Thinking Of Not Washing Your Hands After Taking A Taxi In New York City? Think Again

Tuesday, July 17, 2012


Just in case you were one of the 50.6 million visitors to New York City last year, and you happen to be a germaphobe (or have a healthy aversion to the sudden onset of stomach ailments), you may want to think twice about not washing your hands after using a local taxi. New York magazine recently swabbed the door handles and seats of a random sample of New York city taxicabs and sent the samples to the NYU Langone Medical Center microbiology specialist Dr. Philip Tierno to find out what was lurking there.

The results weren’t good.

Tierno noted the presence of mold, E. coli, oral organisms (which are found in saliva), and, unnervingly, what was either vaginal or anal yeast. Staphylococcus aureus and staphylococcus epidermidis were also detected on several backseats. (In fairness, Tierno says that most of the bacteria his lab discovered already exists in or on the human body, anyway.)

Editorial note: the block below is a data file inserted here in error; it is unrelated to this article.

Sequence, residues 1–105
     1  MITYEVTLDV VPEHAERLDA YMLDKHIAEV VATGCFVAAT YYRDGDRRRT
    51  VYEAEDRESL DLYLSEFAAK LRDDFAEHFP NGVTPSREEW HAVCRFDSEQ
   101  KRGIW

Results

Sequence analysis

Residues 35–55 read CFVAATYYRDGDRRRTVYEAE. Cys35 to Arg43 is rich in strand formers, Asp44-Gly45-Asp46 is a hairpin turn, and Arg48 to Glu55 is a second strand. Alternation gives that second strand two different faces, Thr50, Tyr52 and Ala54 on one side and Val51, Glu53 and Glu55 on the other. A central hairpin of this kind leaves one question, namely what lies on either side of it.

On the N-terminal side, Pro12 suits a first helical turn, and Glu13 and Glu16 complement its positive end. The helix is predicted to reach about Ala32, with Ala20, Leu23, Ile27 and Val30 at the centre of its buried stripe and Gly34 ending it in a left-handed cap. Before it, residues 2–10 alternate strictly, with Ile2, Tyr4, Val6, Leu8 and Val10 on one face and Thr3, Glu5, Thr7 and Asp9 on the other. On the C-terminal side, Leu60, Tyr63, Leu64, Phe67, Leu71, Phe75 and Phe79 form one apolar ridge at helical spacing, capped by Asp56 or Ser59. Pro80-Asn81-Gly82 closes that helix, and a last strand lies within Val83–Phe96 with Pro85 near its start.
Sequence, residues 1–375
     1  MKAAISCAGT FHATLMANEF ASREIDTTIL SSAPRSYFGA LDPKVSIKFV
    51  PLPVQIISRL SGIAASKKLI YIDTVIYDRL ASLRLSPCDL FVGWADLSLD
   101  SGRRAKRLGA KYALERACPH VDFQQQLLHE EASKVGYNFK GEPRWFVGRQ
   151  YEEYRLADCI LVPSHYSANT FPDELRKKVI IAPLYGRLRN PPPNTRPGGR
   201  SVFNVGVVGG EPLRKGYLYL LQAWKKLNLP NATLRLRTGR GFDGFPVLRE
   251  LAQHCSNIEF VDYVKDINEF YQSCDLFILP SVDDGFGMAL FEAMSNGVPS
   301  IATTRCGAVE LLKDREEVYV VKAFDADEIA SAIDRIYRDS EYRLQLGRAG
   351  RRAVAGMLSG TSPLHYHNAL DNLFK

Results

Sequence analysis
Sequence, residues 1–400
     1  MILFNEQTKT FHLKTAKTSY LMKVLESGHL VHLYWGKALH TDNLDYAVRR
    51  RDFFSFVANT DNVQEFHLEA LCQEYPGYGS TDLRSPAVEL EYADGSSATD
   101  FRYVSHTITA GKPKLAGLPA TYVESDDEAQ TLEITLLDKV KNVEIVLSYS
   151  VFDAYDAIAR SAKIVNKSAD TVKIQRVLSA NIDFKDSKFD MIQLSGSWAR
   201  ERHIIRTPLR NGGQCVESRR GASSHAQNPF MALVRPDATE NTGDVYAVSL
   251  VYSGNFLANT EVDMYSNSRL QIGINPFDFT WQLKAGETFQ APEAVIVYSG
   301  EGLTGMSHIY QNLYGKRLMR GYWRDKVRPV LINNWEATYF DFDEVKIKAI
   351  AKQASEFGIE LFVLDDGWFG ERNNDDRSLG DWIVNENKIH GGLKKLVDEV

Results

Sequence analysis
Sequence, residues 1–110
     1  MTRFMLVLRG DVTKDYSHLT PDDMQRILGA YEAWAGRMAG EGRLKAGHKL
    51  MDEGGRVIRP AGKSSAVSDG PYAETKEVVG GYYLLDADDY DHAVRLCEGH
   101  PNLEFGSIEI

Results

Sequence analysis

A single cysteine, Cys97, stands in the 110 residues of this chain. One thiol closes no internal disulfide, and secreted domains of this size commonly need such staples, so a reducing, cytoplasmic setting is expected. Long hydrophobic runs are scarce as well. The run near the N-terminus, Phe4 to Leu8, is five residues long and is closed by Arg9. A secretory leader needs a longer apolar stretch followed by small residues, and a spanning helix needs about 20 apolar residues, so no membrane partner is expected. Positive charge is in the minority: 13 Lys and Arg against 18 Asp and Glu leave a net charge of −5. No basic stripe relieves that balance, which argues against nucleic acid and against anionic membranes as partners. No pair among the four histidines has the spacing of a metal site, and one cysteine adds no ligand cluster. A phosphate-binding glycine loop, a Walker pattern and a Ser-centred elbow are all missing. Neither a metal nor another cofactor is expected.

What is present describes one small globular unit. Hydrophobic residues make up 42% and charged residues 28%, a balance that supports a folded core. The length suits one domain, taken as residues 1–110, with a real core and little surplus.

Touching your mouth or nose after coming into contact with these microbes can cause a taxi-goer to become infected with toxic-shock symptoms, wound infections and/or severe diarrhea from these microbes, ailments once reserved for those who inexplicably ordered hot dogs from street vendors around the city.

Tierno goes on to note that as a good precaution, just like after you go to the bathroom, visit the doctor’s office or shop at an American Apparel store, make sure you wash your hands as soon as possible, don’t shirk on the use of hand sanitizer, and avoid touching your face as much as possible (remember Gwyneth Paltrow in Contagion?).

[How Gross Is Your Taxi?]

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